Watery Eyes

A narrowing or blockage in the drainage area of the tear ducts may cause persistent secretion of fluid over the eyes. Possible causes for such narrowing or blockage include bacterial infections and a congenital narrowing of the nasolacrimal canal, so that tears can no longer be removed via the nose.


In the case of endonasal lacrimal surgery (dacryocystorhinostomy), the lacrimal sack of the anaesthetised patient is opened up and a tiny tube is inserted that functions as a placeholder until the narrowing/blockage is removed (which will happen after about three months). A rinsing may sometimes also be sufficient. The procedure does not require any external incision. The patient should wear nasal packs following the operation, possibly for a few days.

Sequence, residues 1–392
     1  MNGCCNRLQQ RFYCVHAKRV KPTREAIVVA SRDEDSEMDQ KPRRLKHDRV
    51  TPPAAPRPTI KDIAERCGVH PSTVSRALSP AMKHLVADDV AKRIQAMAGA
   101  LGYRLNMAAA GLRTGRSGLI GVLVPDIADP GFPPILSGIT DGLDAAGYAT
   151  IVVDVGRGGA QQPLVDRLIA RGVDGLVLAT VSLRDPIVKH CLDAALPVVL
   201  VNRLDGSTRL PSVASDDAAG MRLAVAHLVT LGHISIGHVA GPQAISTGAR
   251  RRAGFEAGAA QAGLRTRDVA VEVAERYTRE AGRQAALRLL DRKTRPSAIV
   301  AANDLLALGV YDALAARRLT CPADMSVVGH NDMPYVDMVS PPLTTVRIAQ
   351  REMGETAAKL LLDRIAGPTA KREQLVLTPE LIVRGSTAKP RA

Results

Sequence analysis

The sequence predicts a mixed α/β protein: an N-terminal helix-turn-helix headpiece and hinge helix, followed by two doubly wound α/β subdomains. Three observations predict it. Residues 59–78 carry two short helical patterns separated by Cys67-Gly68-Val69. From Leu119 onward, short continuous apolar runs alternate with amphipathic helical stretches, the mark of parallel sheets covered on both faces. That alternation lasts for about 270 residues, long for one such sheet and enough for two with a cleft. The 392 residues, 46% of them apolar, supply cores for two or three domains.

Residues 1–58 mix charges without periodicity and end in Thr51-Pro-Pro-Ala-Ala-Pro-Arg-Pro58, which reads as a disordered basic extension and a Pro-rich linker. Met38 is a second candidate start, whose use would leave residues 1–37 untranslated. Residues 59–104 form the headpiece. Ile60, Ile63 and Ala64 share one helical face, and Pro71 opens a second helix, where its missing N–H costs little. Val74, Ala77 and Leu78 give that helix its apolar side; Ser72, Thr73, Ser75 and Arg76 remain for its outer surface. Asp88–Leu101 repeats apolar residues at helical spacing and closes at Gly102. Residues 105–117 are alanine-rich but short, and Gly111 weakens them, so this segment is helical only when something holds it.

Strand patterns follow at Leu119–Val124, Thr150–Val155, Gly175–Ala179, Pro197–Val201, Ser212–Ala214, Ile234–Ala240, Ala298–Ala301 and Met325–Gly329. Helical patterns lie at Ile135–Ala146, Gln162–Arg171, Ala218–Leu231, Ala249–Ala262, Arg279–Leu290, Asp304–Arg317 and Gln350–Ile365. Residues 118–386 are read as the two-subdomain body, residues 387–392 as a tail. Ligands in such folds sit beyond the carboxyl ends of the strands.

General anaesthesia entails some risks (cardiovascular problems, intolerance to medication, breathing problems, nausea, vomiting and post-surgical hoarseness). In very rare cases, there may be damage to the eye or eyelid. Slight swelling and bruising are possible, but disappear naturally after a few days. A re-narrowing of the drainage area is a risk that can never be completely ruled out. This is, of course, a procedure involving intervention on the eye. Patients must therefore be made aware that there is a risk of deterioration to eyesight and possibly even blindness (for which there is no documented evidence to date).


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